As it is, take the set that makes converge uniformly on then thus proving .
I don't think you can, since by definition if you want to converge uniformly in you needWhy can I choose a B in A in that fashion
If almost uniformly, then a.e. and in measure.
Proof so far.
Now, since almost uniformly, I know that for any , there exists such that and uniformly on , that is, .
First, I want to show that a.e.
Let
Claim:
Suppose to the contrary that , then there exists such that and that uniformly on , and
But since fn do not converge to f on A , that is a contradication.
My question is: Why can I choose a B in A in that fashion and to get fn converges uniformly to A for all x in ?
Thank you.
As it is, take the set that makes converge uniformly on then thus proving .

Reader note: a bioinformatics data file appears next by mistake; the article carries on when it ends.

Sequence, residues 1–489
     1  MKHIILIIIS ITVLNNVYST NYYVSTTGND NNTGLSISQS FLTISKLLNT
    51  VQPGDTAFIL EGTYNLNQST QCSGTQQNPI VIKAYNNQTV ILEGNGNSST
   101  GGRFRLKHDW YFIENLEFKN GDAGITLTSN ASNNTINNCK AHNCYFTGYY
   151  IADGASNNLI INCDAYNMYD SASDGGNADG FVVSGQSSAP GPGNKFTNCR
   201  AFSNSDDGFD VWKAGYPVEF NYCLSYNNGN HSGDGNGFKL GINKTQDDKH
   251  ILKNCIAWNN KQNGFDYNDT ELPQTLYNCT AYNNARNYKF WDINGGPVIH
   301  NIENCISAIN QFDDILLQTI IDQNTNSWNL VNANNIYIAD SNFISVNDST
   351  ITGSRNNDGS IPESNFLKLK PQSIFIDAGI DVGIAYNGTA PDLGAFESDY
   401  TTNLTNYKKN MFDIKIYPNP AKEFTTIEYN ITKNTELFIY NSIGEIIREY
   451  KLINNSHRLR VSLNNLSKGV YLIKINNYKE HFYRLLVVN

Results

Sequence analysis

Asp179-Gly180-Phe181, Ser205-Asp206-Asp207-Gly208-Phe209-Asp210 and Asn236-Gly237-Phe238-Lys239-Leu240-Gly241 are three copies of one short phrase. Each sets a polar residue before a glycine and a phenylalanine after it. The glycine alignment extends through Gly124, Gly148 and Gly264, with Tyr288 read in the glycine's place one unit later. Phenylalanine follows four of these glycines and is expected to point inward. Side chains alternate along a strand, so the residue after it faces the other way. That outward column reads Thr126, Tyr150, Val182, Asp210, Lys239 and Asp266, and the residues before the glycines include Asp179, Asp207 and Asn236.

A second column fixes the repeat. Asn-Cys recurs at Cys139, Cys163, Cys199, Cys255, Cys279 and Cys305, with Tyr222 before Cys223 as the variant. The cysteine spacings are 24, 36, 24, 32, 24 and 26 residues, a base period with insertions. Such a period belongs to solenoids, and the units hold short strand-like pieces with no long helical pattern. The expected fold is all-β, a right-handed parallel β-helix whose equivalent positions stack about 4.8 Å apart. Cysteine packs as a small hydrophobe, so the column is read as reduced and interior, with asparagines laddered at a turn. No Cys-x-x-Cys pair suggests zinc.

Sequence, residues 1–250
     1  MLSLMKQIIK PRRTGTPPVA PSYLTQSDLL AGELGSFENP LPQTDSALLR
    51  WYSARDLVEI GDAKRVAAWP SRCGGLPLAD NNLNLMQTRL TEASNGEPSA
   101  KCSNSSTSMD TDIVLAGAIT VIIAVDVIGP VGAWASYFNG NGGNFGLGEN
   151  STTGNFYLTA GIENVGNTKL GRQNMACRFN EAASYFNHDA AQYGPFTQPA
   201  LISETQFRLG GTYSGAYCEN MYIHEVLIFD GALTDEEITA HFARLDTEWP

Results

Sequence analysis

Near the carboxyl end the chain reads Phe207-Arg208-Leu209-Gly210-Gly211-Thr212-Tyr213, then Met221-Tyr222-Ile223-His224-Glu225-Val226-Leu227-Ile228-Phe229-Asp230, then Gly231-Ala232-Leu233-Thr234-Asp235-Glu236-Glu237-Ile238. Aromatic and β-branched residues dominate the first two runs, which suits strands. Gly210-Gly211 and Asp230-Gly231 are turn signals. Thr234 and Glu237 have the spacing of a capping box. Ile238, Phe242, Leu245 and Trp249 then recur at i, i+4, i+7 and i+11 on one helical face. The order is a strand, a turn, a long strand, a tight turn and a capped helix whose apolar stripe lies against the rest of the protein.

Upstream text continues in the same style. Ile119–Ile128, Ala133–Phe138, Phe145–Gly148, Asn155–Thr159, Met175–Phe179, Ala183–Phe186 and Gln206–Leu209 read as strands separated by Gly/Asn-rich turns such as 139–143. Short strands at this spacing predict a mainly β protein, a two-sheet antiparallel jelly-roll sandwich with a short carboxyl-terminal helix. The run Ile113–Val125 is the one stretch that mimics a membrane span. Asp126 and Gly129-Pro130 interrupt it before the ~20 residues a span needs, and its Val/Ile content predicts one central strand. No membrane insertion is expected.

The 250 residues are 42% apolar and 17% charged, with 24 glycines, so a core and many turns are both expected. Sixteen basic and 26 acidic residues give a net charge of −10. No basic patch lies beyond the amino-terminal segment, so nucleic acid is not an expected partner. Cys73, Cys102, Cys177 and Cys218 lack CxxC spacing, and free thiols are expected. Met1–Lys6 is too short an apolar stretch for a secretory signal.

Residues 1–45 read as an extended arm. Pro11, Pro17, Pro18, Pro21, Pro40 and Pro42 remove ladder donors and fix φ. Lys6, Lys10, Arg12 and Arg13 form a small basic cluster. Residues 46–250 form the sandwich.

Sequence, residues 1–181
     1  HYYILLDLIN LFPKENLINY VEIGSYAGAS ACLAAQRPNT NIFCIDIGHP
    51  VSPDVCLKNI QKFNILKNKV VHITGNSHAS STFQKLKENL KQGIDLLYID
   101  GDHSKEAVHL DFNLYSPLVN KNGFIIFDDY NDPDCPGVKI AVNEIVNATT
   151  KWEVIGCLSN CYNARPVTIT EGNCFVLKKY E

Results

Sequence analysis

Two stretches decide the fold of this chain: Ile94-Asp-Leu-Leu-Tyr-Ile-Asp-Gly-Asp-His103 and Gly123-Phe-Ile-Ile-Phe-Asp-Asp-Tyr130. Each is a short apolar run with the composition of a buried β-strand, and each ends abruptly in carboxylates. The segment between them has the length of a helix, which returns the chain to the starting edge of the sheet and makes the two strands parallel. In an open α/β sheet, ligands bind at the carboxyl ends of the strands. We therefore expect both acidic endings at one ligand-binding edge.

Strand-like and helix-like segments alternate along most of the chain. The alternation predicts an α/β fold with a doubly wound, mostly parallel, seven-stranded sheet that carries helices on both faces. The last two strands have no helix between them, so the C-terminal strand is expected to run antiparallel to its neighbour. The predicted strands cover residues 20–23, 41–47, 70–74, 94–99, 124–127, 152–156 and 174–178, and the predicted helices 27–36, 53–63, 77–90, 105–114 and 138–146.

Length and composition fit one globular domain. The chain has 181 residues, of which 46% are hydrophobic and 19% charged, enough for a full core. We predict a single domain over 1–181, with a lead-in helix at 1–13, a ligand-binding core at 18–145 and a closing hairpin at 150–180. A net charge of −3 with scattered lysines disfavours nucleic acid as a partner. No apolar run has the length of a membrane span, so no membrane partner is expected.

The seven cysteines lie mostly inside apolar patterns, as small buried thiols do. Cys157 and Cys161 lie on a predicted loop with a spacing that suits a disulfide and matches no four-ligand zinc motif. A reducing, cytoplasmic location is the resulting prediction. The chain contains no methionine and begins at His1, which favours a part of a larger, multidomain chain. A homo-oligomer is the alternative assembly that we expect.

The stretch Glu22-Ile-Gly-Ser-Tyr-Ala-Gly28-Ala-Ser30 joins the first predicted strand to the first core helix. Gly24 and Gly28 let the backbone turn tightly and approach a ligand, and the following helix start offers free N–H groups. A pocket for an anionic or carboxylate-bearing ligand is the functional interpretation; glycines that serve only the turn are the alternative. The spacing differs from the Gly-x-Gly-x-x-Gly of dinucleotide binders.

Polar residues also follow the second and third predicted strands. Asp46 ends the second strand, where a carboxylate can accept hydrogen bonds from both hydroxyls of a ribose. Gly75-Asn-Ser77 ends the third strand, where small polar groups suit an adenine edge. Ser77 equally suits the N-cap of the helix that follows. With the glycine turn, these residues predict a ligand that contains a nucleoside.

I don't think you can, since by definition if you want to converge uniformly in you needWhy can I choose a B in A in that fashion
Indeed you can't write it this way. You could say: There exists such that and converges uniformly to on .
Then you have , because uniform convergence on implies convergence at all points of (this sentence tells in fact that ). And this can't be because of what you wrote: the measure of is less than that of .